Before becoming as successful closer in his thirties Bob Wickman was a starter and then a middle reliever for the Yankees, debuting at age 23 in 1992.
Later in his career Wickman’s gut expanded significantly, but with the Yankees he was merely chubby (or perhaps even in The Best Shape Of His Life) and general manager Brian Cashman shared a story about how the right-hander used to throw up to meet the weight clause in his contract:
He had weight clauses. My recollection would be is, say, it was on the first and 15th or every five days he had to be a certain weight on a day, in season, when he is trying to pitch out of the bullpen he’s drinking water, sitting in saunas, dieting, doing everything he can to lose weight, maybe even sticking his finger down his throat to make the weight.
Then, all of a sudden, our manager might be asking him that day to pitch the seventh inning. You are not getting the real player at that point. You are getting a worn out, drawn out [player], trying to make a $30,000 bonus or whatever it was at the time. So I believe those things are counter-productive.
Cashman relayed that story in order to explain why the Yankees no longer enforce weight clauses for guys like CC Sabathia or Michael Pineda, but I’m pretty sure the image of a young Bob Wickman throwing up in the bullpen is what most people will remember. Seriously, try not to think about that. Just try.
Athletics’ rookie catcher Bruce Maxwell did not stand for the National Anthem on Saturday night. He’s the first MLB player to do so and, like other professional athletes before him, used the moment to send a message — not just to shed light on the lack of racial equality in the United States, but to specifically protest President Donald Trump’s suggestion that NFL owners fire any of their players who elect to protest the anthem by sitting or kneeling.
“Bruce’s father is a proud military lifer. Anyone who knows Bruce or his parents is well aware that the Maxwells’ love and appreciation for our country is indisputable,” Maxwell’s agent, Matt Sosnick, relayed to the San Francisco Chronicle’s Susan Slusser on Friday. He continued:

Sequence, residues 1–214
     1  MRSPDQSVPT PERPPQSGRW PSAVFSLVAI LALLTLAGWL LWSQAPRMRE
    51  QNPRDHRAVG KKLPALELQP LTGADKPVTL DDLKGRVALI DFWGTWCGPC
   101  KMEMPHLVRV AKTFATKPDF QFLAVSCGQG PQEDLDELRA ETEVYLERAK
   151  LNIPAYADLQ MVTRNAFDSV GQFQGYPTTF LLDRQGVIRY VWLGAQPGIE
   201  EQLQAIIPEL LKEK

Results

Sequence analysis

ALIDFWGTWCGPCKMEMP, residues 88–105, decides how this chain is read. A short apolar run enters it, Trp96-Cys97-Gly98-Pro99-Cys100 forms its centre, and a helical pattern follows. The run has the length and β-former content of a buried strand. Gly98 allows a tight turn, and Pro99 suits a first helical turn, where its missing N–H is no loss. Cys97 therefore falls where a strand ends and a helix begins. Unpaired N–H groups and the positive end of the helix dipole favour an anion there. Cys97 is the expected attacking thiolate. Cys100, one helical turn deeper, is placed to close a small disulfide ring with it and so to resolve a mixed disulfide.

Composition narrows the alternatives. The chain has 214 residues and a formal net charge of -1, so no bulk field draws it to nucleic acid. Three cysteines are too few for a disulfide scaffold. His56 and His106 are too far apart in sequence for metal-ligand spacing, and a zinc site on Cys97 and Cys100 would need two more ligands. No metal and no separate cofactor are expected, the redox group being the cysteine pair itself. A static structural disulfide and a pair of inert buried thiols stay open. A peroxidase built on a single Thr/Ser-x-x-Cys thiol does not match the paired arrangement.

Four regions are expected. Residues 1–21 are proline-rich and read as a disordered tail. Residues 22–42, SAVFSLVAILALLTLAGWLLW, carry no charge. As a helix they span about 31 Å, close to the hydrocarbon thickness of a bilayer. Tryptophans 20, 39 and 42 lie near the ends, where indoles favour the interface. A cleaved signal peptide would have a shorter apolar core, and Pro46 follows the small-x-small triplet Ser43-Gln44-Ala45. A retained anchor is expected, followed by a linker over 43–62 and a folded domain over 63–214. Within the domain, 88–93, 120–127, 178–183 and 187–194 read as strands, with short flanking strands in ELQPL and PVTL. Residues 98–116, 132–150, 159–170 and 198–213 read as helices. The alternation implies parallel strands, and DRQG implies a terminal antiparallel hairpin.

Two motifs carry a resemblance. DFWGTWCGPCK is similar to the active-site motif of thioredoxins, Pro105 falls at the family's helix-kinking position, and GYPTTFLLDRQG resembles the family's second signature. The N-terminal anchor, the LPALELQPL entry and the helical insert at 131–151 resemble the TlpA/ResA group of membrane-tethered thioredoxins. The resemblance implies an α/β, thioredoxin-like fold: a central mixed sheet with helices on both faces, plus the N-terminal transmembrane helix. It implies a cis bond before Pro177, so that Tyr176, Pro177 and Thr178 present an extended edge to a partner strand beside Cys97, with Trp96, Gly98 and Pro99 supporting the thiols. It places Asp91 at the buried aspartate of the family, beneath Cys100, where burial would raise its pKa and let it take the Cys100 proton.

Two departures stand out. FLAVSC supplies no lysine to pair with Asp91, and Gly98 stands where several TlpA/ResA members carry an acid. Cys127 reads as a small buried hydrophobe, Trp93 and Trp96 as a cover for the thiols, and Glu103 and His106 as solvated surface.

Bruce has made it clear that he is taking a stand about what he perceives as racial injustices in this country, and his personal disappointment with President Trump’s response to a number of professional athletes’ totally peaceful, non-violent protests.
Bruce has shared with both me and his teammates that his feelings have nothing to do with a lack of patriotism or a hatred of any man, but rather everything to do with equality for men, women and children regardless of race or religion.
While Maxwell didn’t make his own statement to the media, he took to Instagram earlier in the day to express his frustration against the recent opposition to the protests, criticizing the President for endorsing “division of man and rights.”
Despite Trump’s profanity-laced directive to NFL owners on Friday, however, it’s clear the Athletics don’t share his sentiments. “The Oakland A’s pride ourselves on being inclusive,” the team said in a statement released after Maxwell’s demonstration. “We respect and support all of our players’ constitutional rights and freedom of expression.”
Whatever the fallout, kudos to Maxwell for taking a stand. He may be the first to do so in this particular arena, but he likely won’t be the last.
This one is brutal. Tigers’ right-handed reliever Alex Wilson was diagnosed with a broken leg after taking a blistering 103.8-MPH line drive off of his right leg during Saturday’s game against the Twins. According to the Detroit News’ Chris McCosky, it’s a non-displaced fibular fracture, but will still warrant an extended recovery period and signal the end of Wilson’s season.
Wilson replaced Drew VerHagen to start the eighth inning and worked a full count against Joe Mauer. Mauer roped an 93.3-MPH fastball back up the middle, where it struck the pitcher on his right calf. While Mauer took first base, Wilson got to his feet and tried to toss a warm-up pitch, but was in too much pain to continue and had to be helped off the field.
Even in a season that isn’t going anywhere in particular, this isn’t how you want it to end. The Tigers have yet to announce a recovery timetable for the 30-year-old reliever, but he won’t return to the mound until 2018. He exited Saturday’s outing with a 4.35 ERA, 2.3 BB/9 and 6.3 SO/9 over 60 innings.
The Tigers currently trail the Twins 10-3 in the bottom of the ninth inning.